Thursday, December 6, 2012

Art and Activism in the Age of Cultural Production

Artists try to make sense of it and grasp the world around them, and that is very tough today owing to an extremely coercive social landscape, he avers. A write-up to ‘‘Seeing Power: Art and Activism in the Age of Cultural Production’ by Nato Thompson emphasizes: “How can really anyone find a distinct voice and make change when the world around is flooded with so much of information and images?

And what is one to make of the endless machine of consumer capitalism, which has appropriated much from the history of art and, in recent years, the methods of grassroots political organizing and social networking? Highlighting the work of some of today’s most innovative and interesting artists and activists, he reads and praises sites and institutions that empower their communities to see power and re-imagine it. From cooperative housing to anarchist infoshops to alternative art venues, the author shows that many of today’s most innovative spaces operate as sites of dramatic personal transformation.”

A mystifying fog of images and information seems to have engulfed the creative, media and advertising world - from television, radio, documentary and film to the glut of data generated by the new economy. With the fast rise of social networks, even most of our contemporaries, friends and peers have all suddenly started to sell to each one of us the ultimate end product: themselves. In this context, renowned curator-critic Nato Thompson looks to interrogate the irreversible implications of these important developments for those committed to socially engaged art practices and conscious activism.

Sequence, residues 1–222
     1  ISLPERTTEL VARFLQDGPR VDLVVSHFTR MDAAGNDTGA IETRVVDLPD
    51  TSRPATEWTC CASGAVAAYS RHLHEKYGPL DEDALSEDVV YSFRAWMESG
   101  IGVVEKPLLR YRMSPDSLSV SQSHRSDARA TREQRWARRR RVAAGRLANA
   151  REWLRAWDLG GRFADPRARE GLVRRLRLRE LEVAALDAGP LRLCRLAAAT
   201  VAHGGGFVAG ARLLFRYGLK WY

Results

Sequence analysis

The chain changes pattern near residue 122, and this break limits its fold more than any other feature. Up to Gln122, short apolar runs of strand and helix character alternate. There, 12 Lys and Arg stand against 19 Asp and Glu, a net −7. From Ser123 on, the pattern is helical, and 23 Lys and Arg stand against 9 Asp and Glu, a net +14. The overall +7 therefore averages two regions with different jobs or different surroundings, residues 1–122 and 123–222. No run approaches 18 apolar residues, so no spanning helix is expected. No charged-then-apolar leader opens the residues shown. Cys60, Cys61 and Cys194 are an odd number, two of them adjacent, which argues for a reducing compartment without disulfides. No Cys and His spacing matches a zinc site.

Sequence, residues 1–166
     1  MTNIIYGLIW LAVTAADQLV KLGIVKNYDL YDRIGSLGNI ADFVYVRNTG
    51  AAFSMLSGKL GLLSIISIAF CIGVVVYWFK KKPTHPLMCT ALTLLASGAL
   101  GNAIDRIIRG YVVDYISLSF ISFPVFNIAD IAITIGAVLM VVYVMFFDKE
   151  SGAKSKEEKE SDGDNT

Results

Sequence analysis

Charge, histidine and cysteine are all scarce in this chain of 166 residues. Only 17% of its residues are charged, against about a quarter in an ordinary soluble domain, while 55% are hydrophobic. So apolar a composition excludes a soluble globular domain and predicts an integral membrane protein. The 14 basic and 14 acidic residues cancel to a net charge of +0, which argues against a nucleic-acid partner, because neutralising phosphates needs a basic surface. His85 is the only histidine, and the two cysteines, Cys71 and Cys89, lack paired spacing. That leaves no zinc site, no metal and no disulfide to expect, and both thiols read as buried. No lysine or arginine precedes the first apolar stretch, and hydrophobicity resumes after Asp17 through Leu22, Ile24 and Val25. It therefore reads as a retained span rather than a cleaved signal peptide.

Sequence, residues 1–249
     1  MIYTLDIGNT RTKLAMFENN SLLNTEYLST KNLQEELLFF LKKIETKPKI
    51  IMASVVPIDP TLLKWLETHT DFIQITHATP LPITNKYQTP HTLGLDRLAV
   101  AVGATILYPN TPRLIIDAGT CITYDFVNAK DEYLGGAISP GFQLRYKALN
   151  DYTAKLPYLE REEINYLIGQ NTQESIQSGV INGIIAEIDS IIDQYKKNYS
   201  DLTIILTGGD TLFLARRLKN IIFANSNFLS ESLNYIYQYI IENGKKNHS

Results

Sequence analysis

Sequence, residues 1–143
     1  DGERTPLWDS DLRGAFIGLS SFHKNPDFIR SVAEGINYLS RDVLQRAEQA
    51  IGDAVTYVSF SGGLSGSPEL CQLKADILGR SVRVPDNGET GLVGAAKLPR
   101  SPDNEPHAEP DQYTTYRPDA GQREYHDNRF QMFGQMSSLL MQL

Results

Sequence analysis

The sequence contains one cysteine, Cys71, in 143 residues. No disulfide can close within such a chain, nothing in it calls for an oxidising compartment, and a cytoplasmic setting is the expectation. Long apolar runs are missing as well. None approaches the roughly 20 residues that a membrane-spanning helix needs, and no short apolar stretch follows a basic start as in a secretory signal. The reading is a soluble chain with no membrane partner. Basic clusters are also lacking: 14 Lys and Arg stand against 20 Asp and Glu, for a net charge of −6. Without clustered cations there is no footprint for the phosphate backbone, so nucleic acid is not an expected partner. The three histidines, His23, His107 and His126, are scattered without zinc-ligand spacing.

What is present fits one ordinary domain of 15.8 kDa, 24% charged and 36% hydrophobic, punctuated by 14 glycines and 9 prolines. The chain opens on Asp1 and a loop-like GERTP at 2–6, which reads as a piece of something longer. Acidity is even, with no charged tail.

At a broader level, his experience of closely dealing with the complex intersection of politics and art is something that has acted as a lead for him to write ‘Seeing Power: Art and Activism in the Age of Cultural Production’ (‘Pages: 176. December, 2012; Melville Publishing); it’s to do with he himself as an author, and also many artists he knows, grappling with these critical issues of representation and also how to make specific meaning stick, especially the holistic experience of not only complete co-optation, since that appears a rather simplistic term, but also the manner in which visual representation gets fast sucked into a machine of rampant power and sort of spits back. It has created a situation with vast distrust.

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